Archive for July 18th, 2010

Review – Triple Bill (Halte de Cavaliere, In a Minor Key, Divertissements) – Mikhailovsky Ballet at London Coliseum 2010

July 18, 2010

Today’s performance of the Mikhailovsky ballet was a real treat: a chance to see a one-act ballet by Petipa that I’d never seen before and the debut of a newly-created ballet receiving its London premiere, plus a rich selection of divertissements from other ballets, many of which I’d never seen or even heard of before.

The first third was “Le Halt de Cavalerie,” a one act comic ballet based on a work by Petipa (anyone know the original date?), reconstructed in 1968 with music by Ivan Armsheimer. It’s a cute little story about an army coming to a man-starved Bavarian town (or so it seemed to me, it all looked very Sound of Music) and the various soldiers immediately making their way through the local female populace. Pre-soldiers, we have a group of charming peasants dressed mostly in white (girl:boy ratio about 2:1), capering about; the big action is the one fellow, Peter (Anton Ploom, my favorite from Swan Lake on Tuesday), who has two girls after him: Maria (Anastasia Lomanchenkova) and Teresa (Olga Semyonova). Sadly, I can’t tell which was which, so I’ll refer to them as Blue and Red based on their costumes. Maria and Teresa each give Peter a hanky based on their key colors, leading him to do a very-non-Othello like hanky dance as well as a ribbon dance that reminded me of “La Fille Mal Gardee” (but was not nearly as elaborate). Eventually he tucked the hankies in his pocket in a way which seemed utterly innocent of any possible secondary meaning to the act of “red hanky, front pocket,” then watched the girls get into a catfight. As they were both blonde, I found the red/blue confusion only getting worse.

However, suddenly the toy soldiers – er, local cavalry marched into town, and suddenly every girl had a sweetheart – except for Blue and Red, whose boyfriend was arrested for, er, offending the comic, red-coated colonel (Andrei Bregvadze in a highly comic role – he couldn’t even draw his sword right!). For some reason, each of the officers winds up trying to woo Red; first the guy in blue (I think the “cornet,” Maksim Podosyonov), who partners her nicely but is chased off (seemingly for dereliction of duty) by Green (the Captain, Vladimir Tsal), who did great kicks in the air but then (character-wise) makes an utter ass o;f himself by trying to force his attentions on a protesting Red. Then the Colonel shows up again. He reminded me quite a bit of Signor Tomato from yesterday afternoon, as he was a clown, but he went even further with his movement; during his dance with Red he was shakey and wobbly, couldn’t spin, could barely hold her hand, and acted completely incompetent. I was reminded a bit of the episode of Seinfeld in which Elaine shows why she should not dance; the Colonel was just terrible.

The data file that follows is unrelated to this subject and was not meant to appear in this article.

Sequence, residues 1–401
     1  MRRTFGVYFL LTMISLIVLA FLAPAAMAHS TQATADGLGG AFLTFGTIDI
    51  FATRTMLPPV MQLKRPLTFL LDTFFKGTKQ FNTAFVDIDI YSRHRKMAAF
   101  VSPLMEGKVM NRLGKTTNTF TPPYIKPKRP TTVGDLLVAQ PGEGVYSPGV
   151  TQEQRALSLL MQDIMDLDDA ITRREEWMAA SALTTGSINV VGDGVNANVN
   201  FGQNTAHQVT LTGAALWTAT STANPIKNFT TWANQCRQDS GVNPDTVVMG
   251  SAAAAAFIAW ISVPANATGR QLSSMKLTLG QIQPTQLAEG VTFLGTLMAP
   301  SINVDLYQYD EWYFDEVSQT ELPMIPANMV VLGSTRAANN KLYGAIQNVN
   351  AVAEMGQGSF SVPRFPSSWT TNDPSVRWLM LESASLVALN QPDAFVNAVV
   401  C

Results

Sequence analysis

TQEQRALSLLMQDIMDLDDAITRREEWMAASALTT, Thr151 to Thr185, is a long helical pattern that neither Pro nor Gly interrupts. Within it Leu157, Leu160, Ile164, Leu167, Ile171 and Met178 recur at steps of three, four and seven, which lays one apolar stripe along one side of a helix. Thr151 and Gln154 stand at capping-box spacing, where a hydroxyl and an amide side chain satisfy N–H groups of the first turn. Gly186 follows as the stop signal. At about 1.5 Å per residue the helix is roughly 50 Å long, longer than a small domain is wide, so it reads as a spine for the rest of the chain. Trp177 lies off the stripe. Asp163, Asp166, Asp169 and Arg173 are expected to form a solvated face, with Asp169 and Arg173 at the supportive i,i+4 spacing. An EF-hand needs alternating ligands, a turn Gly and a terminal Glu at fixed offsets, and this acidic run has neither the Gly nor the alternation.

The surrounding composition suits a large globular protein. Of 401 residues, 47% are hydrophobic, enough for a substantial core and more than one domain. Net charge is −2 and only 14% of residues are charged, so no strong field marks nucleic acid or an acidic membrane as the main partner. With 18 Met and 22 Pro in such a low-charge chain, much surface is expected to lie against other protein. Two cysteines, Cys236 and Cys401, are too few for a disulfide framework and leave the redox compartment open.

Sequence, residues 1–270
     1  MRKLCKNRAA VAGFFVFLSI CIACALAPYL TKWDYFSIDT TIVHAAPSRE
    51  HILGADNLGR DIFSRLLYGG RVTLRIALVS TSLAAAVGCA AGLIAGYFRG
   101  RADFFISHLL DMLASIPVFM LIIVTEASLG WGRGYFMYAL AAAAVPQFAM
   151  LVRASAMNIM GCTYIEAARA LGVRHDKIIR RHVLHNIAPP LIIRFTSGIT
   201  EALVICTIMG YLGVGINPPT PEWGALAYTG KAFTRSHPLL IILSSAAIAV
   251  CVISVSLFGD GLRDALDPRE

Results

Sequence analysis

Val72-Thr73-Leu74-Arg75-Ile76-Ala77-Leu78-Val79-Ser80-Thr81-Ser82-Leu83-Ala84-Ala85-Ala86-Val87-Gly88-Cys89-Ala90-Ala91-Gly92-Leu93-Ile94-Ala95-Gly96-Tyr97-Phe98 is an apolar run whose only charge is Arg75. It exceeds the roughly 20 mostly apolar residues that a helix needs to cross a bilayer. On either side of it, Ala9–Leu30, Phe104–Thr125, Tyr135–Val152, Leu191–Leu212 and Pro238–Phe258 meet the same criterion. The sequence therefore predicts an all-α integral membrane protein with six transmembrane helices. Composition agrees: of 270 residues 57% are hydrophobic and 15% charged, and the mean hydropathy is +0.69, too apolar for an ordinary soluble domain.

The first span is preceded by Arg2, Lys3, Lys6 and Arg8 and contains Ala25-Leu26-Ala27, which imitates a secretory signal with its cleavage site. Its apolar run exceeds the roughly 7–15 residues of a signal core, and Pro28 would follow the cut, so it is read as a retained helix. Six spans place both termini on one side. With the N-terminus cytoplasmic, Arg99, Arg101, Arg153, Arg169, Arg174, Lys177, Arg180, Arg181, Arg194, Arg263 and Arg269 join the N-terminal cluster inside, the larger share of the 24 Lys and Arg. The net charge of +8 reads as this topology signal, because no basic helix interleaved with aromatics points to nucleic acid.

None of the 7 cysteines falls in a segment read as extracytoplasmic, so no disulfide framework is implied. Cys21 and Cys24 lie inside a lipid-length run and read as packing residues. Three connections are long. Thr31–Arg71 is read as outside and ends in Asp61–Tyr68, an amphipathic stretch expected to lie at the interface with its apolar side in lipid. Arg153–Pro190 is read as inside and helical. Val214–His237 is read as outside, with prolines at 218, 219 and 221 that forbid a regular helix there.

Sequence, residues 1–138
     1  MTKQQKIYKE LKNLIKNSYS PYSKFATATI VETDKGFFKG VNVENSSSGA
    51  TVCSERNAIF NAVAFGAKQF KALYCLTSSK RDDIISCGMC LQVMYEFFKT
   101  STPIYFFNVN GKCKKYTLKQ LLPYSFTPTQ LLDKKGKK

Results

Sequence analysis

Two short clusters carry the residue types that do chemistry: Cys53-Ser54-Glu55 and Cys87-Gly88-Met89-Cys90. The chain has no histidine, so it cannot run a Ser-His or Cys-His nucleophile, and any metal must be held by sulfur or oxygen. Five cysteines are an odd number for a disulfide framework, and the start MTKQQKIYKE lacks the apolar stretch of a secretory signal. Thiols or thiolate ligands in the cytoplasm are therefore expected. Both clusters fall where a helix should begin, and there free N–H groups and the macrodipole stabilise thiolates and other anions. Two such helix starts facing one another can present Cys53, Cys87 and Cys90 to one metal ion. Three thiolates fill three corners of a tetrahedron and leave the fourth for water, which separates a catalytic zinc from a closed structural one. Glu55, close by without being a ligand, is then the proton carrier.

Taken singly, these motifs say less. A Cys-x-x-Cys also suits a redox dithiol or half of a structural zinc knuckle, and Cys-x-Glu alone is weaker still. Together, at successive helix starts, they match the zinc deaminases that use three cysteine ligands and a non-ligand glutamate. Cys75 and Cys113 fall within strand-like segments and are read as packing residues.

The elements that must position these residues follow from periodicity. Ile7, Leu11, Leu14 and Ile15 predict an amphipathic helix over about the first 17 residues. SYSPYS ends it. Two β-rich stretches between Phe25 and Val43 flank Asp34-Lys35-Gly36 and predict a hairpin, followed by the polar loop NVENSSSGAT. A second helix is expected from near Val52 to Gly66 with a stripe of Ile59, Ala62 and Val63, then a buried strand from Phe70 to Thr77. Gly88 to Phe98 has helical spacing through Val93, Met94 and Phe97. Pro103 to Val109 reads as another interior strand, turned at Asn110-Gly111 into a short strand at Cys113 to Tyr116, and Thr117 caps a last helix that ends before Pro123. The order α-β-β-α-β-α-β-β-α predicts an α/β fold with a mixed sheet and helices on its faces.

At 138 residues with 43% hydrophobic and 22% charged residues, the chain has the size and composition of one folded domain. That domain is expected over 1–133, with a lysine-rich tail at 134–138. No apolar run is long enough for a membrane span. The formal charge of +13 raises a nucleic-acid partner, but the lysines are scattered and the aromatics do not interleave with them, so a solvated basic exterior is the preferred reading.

This led to a scene quite unique for me, as the soldiers and village girls return to the square: Red evens the score by mocking the way each of the officers has danced with her, putting them all in her place. However, for some reason the Colonel decides that Peter is now to be united with Blue, which gives him a chance to do a very grand solo (though in his second variation he wasn’t as clean with his jumps). Then Red comes back for a dance with the three officers, which is terribly comic; Peter finishes up with a dance with Blue, whom he lifts up as they trace a large circle around the stage, and gives a little extra toss in the air at the top of every lift – very athletic! Then the army is all called away, with the Colonel leaving last of all – emerging half-dressed from hut, followed by Red. It was very racy for a ballet! He kept the joke going through the curtain calls, showing up with his shirt open, pulling a leaf from his trousers, and continuing to flirt with Red. Really, the whole thing was a big pile of fun, with some nice solos and good group scenes (that reminded me of the tradition Balanchine came from rather strongly, especially in the grand finale “everyone get on stage including the girls in the purple boots that showed up out of nowhere”). I really hope i get to see this ballet again some time, it was just a perfect little treat at all of 36 minutes and action packed from start to finish.